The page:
Marisol Nugent ’20 placed third in the Junior Division 127 pound weight class at the U.S.A. Wrestling Girls Folkstyle National Championships. Nugent’s only defeat was in the semifinals to the eventual champion of the tournament.
Nugent is widely known as one of the best wrestlers in New England. She was able to pin her three opponents at Andover’s annual tournament in under a minute, and pinned both her opponents at the Wonder Woman Classic to win the tournament. At Nationals, Nugent faced competition unlike that in New England. Nugent also moved up both in weight class — from 122 pounds to 127 pounds — and age divisions in order to compete in the 1998-2001 age range, adding to the challenge.
Coach Kassie Archambault said, “[Nugent] doesn’t see the type of competition in our area that she sees at Nationals, so sometimes it’s hard to prepare to face the best opponents. Marisol has proved that she is the best of the best not only in New England but nationwide, as well.”
Nugent said, “It was just a higher level of competition. When you go into a national tournament, you see a lot better competition because it is girls competing from all over the country. I moved up a weight class and an age group, too, so that was a little challenge.”
Technique-wise, Nugent uses much of her upper body and goes for throws. While her coaches have been encouraging her to go for more takedowns, Nugent prefers to put her opponent into a headlock.
Archambault said, “She is a very technically sound wrestler and does very well in scramble situations. She has very good hip sense and knows how to react to her opponent without panicking. However, by moving up a weight class, she isn’t as physically strong as her opponents. While her technique helped her to defeat stronger opponents, she’ll need to do some strength training in order to be on par with wrestlers who are as technically sound and stronger than she is.”
Nugent said, “I ride pretty well on top but don’t do very much on bottom. I ride legs a lot which is exciting. That basically means that I’m really good at staying on top of people. When they’re moving underneath me I can keep my hips in… I have good hips so I am really good at scrambling with people which is basically when you’re in 50/50 tossups and you’re able to come up on top usually the higher hips wins there.”
Additionally, Nugent describes her wrestling style as aggressive. She believes she is good on her feet and at scoring points. Her skill on her feet extends to takedowns, throws, and any other standing-up skill. Nugent, however, looks to improve being on the bottom, as she often gets stalled out.
Nugent said, “It’s never really been a problem before. This is the first tournament I’ve had a problem getting up from the bottom. This was my first time moving up a weight class so being on bottom was definitely harder because a lot of the girls were a lot bigger than me.”
Nugent began wrestling at a young age. In her family, children who wrestled were able to stay up two hours later than those who didn’t, and Nugent also found the opportunity to spend more time with her father, a wrestling coach, appealing. Despite her early passion for the sport, her father did not allow her to participate because not many girls at the time wrestled. Although she was not allowed to formally train, Nugent practiced in her basement with her brother.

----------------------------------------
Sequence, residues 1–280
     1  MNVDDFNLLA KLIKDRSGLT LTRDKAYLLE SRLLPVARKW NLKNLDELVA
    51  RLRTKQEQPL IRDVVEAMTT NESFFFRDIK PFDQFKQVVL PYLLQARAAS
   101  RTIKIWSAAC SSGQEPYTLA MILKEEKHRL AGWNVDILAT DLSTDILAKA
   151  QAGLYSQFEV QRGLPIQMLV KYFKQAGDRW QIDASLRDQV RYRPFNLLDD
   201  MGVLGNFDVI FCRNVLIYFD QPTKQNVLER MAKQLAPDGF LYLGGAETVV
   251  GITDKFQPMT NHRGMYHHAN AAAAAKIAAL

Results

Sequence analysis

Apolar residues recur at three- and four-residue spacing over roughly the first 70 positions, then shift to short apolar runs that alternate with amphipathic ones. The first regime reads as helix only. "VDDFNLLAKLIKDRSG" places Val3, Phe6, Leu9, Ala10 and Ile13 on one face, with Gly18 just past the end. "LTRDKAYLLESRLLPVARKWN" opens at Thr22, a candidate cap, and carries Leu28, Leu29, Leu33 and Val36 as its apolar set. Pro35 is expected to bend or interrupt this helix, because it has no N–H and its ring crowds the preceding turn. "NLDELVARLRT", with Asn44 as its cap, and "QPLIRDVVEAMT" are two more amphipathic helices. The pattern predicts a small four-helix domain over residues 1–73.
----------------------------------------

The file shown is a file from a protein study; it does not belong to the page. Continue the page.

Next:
Nugent said, “I would go take him down and do things I saw while I was watching from the sideline, because I would still go to practices and watch — I just wasn’t allowed on the mat. For a while it was kind of weird because it was something that I really wanted to do but I wasn’t able to pursue.”
Nugent’s family pushed her to try other sports and activities until one day Nugent went to a tournament with her father and twin brother. According to Nugent, she saw another girl wrestling and then immediately turned around and punched her father in the stomach.
Nugent’s dedication to wrestling has continued into the present day, where she has an unparalleled work ethic and devotion to the sport.
Archambault said, “Marisol is a hard worker. She trains a lot, so she is prepared for challenging situations… She is now a three-time All-American. She took fifth place this summer at Fargo Nationals in both the Cadet and Junior divisions. This is her highest placing in a national tournament. She’s only a Lower, and I’m so excited to see where the next two years take her. She has the potential to be a National Champion.”
Nugent’s sister was slated to wrestle alongside her but was unable to compete due to injury. Though wrestling is not her sister’s main sport, she and Nugent frequently train together, as they provide a challenging matchup for one another.
Nugent said, “She’s really flexible, and she’s long. She’s pretty much the exact opposite body type of me, so our matchups are really weird. We scramble a lot, which is really fun. It’s good to go into practice with someone who is really evenly matched and just be able to roll around for hours at a time.”
Nugent cites Coach Archambault as one of her main influences and support systems as a wrestler.
Nugent said, “[Coach Archambault] had a really big role because it was my first time really being coached by a girl. She kind of knew what I was going through with weight cuts and mood swings and regards to everything like that that normally a guy coach wouldn’t understand.”
The coaching system at Andover has also helped her become a more confident wrestler.
Nugent said, “They’ve brought up my self esteem a lot. I came into the season a little bit self conscious and unsure of my abilities, and they’ve really helped me solidify my role on the team and my role as a wrestler.”